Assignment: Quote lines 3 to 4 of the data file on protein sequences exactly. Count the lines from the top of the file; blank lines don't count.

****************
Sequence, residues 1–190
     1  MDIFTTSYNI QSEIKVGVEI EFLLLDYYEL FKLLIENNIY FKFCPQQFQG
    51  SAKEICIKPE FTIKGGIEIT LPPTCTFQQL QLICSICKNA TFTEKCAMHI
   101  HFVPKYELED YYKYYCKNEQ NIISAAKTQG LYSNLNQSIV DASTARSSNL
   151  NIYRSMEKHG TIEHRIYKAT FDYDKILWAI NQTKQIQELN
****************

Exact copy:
    51  SAKEICIKPE FTIKGGIEIT LPPTCTFQQL QLICSICKNA TFTEKCAMHI
   101  HFVPKYELED YYKYYCKNEQ NIISAAKTQG LYSNLNQSIV DASTARSSNL